First of all I need to know that the video files you are using all came from the same source. Yes?

      Then, in Windows just navigate to one of the video files (assuming they are all the same) and right click on one.

      Select properties then note down what they are and post back here.

      If at all possible let me know if the videos were shot at 4:3 aspect ratio (standard definition) or 16:9 ratio (high definition or at least widescreen.)

      If all of that is unfamiliar to you then at least let me know the model and make of the device that you used to get the files in the first place.

      That should be enough to get the party started.

      • Hazel

        Thanks for coming back to me so quickly.

        I only join identical formats, and have been using Real Player Trimmer for years until recently when they appear to have removed support for it (I’m using windows 7 64bit).
        I’ve been testing it on a clip from ‘This Morning’ of ITV (UK) which usually videos in HD mpeg-2 TS Video in wide screen and the picture is fine. I would usually convert this to mp4 format to make it universal for everyone. I’ve had a look and all the figures are below – hope they makes sense to you.

        Most are: mp4 Video
        Some are: mpeg-2 TS Video

        Mp4 figures:
        Frame Width: 720
        Frame Height: 576
        Data Rate: 2168kbps
        Total Bitrate: 2296kbps
        Frame Rate: 25 frames/second

        Mpeg-2 TS Video figures:
        Frame Width: 704
        Frame Height: 576
        Data Rate: 15000kbps
        Total Bitrate: 15256kbps
        Frame Rate: 25 frames/second

        Mp4 figures after Editing with Filmora (file was much shorter):
        Frame Width: 720
        Frame Height: 576
        Data Rate: 1517kbps
        Total Bitrate: 1647kbps
        Frame Rate: 25 frames/second

        Thanks
        Hazel

        • Lance Carr

          Hi Hazel,
          Yes, you got a little lucky there on the reply because I was still at work!

          OK, I am guessing that the MPEG-2 TS video files are being captured by some kind of set top TV recorder.

          The problem you are having is because that box (or whatever it is) is capturing the video at a resolution of 704×576.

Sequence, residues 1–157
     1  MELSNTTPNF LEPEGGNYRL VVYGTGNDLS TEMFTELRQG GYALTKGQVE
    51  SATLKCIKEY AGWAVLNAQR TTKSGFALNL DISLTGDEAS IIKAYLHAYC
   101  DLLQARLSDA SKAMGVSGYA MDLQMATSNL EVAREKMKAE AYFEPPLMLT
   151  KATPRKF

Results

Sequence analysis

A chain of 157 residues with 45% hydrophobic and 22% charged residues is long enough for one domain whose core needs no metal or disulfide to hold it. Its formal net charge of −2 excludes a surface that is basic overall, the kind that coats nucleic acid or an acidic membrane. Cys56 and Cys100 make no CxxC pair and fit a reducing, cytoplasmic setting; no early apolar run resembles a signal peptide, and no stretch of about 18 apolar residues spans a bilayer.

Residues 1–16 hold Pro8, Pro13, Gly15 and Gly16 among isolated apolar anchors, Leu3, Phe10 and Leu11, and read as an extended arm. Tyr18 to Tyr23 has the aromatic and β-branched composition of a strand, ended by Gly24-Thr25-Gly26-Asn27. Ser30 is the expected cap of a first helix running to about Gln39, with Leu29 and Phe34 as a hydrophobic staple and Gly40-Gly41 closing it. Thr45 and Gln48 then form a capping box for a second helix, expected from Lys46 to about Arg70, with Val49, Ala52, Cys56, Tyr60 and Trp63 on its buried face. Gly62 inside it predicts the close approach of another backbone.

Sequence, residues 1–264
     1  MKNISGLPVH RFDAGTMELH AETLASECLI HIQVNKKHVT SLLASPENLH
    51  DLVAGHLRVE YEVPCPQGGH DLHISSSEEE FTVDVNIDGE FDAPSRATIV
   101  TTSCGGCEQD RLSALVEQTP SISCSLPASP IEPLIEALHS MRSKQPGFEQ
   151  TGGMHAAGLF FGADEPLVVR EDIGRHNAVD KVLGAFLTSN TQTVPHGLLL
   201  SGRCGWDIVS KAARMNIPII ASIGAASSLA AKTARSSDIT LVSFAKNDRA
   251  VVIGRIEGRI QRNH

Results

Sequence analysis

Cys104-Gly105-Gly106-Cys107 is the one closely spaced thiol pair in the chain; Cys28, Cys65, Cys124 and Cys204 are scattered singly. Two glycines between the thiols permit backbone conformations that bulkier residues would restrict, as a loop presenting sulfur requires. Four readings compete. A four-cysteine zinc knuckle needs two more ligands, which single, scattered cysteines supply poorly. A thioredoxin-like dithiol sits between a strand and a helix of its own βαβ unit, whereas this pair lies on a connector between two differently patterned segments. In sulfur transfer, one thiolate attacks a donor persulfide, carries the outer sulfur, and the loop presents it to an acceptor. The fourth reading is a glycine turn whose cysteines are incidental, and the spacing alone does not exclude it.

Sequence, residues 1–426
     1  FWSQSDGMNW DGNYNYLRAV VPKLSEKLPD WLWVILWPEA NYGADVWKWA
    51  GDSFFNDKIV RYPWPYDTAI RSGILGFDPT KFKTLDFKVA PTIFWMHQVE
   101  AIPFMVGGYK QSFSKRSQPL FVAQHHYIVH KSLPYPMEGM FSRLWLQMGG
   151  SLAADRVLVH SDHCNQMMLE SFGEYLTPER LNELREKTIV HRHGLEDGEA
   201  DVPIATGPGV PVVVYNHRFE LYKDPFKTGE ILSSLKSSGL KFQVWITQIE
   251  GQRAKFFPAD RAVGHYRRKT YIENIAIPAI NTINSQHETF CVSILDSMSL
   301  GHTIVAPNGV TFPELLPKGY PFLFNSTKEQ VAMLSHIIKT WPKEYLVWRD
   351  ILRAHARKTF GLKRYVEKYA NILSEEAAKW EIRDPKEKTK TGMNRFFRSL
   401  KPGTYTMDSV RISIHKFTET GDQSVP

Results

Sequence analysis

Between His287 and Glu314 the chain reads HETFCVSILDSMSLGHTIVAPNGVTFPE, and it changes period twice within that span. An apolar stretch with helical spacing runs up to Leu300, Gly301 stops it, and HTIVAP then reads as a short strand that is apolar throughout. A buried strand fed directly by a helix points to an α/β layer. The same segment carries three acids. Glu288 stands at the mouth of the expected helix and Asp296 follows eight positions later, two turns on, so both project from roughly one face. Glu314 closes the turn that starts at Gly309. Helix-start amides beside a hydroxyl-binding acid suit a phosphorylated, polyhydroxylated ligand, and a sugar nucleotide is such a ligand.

That means the picture size is 704 lines wide and 576 lines high.

          The actual standard for TV in the U.K. and for any country using the PAL TV system is 720×576 so whenever you place any footage from that source into Filmora it is automatically stretching the 704 lines to 720 lines and it will look stretched.

          Take one of the MPEG-2 TS files and load it on to the Filmora timeline.

          Go directly to Export and choose the MP4 option.

          Click on Resolution and clear the contents of that box so it is blank.

          Enter this exactly as I have typed it here 704*576

          Choose Best Quality and let it run.

          Get back to me with what happens.

          By the way so that you understand, you are not recording in High Definition… sorry.

          You may be recording in widescreen but it is not HD. The minimum resolution for HD in your case would be 1280×720.

          • Hazel

            Thank you, thank you, thank you,
            Success – I have normal shaped people. You have made my Christmas. No more stressing out over computer problems. I will certainly order the full programme now, it’s a shame Filmora’s help team didn’t want to help me.
            FYI this was recorded on an integrated USB port using a memory stick in a HD TV, hence I just assumed it would automatically record in HD format.
            Have a great Christmas or if you are reading this after the holidays, I hope you had a wonderful Christmas and New Year.
            Oh I’m so happy
            Hazel

          • Lance Carr

            Yay!

  • Maria

    Thanks for the fast response!